Fitch Ratings has affirmed Nigeria’s Long-term foreign and local currency IDRs and senior unsecured bond ratings at ‘BB-’ and ‘BB’ respectively. The Outlook is Stable. The agency has also affirmed Nigeria’s Short-term foreign currency IDR at ‘B’ and Country Ceiling at ‘BB-’. KEY RATING DRIVERS
The affirmation reflects the following key rating drivers: GDP growth slowed to 6.4% in H113 but has shown resilience in the face of exogenous shocks: severe floods in 2012 which hit agricultural output; security problems especially in the north earlier this year; and increased oil theft and vandalism and the consequent repair shutdowns which have caused oil output to contract for the second year in a row. The non-oil economy has slowed but still grew by 7.9% in 2012 and 7.6% in H113.
Non-oil growth should pick-up in H213 as normal weather has resumed and the authorities have responded to security problems, Reuters reports.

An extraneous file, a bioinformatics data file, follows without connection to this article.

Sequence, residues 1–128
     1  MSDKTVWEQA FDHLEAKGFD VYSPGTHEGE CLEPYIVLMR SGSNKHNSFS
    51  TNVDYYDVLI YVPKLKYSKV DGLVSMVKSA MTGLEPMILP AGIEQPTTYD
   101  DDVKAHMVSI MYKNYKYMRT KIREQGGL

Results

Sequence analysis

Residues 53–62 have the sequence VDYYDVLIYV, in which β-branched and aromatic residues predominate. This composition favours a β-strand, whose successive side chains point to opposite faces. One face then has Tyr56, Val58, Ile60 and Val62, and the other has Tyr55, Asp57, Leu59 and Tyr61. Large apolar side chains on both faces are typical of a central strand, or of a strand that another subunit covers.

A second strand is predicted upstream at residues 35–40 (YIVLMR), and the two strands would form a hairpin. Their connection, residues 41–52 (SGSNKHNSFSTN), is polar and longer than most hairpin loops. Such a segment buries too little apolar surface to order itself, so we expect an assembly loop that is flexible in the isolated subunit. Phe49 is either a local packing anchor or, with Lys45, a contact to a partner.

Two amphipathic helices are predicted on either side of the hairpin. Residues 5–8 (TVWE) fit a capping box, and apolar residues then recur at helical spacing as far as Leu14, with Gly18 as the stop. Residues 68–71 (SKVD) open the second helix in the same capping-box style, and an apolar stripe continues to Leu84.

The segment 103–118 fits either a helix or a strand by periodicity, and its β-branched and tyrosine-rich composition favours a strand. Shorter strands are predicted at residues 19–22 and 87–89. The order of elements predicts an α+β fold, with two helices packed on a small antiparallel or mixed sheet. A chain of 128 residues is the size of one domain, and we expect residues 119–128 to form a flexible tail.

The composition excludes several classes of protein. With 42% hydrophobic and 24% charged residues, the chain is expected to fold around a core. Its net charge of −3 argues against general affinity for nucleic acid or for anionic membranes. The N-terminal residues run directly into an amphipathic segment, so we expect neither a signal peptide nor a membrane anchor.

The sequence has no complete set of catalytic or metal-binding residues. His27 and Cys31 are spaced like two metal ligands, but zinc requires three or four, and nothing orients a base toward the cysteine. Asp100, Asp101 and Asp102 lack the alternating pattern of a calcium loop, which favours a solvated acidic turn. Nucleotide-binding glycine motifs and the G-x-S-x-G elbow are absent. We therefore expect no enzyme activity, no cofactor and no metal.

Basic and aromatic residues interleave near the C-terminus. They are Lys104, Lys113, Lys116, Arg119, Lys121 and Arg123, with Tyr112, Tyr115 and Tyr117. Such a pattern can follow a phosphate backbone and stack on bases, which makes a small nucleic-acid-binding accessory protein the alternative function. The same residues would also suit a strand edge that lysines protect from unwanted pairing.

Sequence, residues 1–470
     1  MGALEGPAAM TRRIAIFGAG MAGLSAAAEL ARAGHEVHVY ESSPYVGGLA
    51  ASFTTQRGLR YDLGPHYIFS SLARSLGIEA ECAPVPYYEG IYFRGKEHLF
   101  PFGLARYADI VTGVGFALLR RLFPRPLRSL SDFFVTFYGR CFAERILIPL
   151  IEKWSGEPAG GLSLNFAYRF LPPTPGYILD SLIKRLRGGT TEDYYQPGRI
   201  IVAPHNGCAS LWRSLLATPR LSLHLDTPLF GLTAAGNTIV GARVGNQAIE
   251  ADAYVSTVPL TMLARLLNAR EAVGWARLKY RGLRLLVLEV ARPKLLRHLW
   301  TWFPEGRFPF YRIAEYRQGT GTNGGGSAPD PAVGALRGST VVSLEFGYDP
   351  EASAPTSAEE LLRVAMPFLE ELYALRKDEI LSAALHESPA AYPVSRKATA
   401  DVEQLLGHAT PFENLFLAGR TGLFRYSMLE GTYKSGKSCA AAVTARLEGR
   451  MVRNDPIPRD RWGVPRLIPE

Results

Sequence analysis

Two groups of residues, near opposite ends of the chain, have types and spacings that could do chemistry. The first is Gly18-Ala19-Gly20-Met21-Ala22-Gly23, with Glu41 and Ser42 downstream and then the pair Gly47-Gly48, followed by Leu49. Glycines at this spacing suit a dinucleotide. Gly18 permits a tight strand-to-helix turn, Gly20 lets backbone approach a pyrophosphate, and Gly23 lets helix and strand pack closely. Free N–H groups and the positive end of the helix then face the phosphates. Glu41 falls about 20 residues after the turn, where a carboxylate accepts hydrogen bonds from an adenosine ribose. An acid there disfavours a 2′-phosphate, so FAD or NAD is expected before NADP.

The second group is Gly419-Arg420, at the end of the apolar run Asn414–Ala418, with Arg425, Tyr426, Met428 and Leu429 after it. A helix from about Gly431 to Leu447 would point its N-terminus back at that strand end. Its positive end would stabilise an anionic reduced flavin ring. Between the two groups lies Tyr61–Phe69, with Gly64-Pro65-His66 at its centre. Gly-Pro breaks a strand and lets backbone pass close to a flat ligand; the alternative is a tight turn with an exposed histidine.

Reforms to the electricity and agriculture sectors could start to boost potential growth. Inflation has been in single digits all year – the lowest in five years and the longest stretch of single digit inflation since 2008. Policy rates are unchanged. The central bank (CBN) has the twin aims of achieving single-digit inflation and maintaining exchange rate stability.
Public finances remain comfortable. Fitch estimates a general government deficit of around 1.8% of GDP this year and next.
Both oil and non-oil revenues are under-budget and the Excess Crude Account (ECA) has been tapped to compensate.
Capital spending also remains under budget. The draft 2014 budget plans ambitious fiscal consolidation, with lower oil production and benchmark oil prices and lower spending than the 2013 budget. However, Fitch expects that oil production will likely fall short again, and the final budget that emerges from the National Assembly (NA) is likely to be more expansionary. Nevertheless, Fitch expects general government debt to …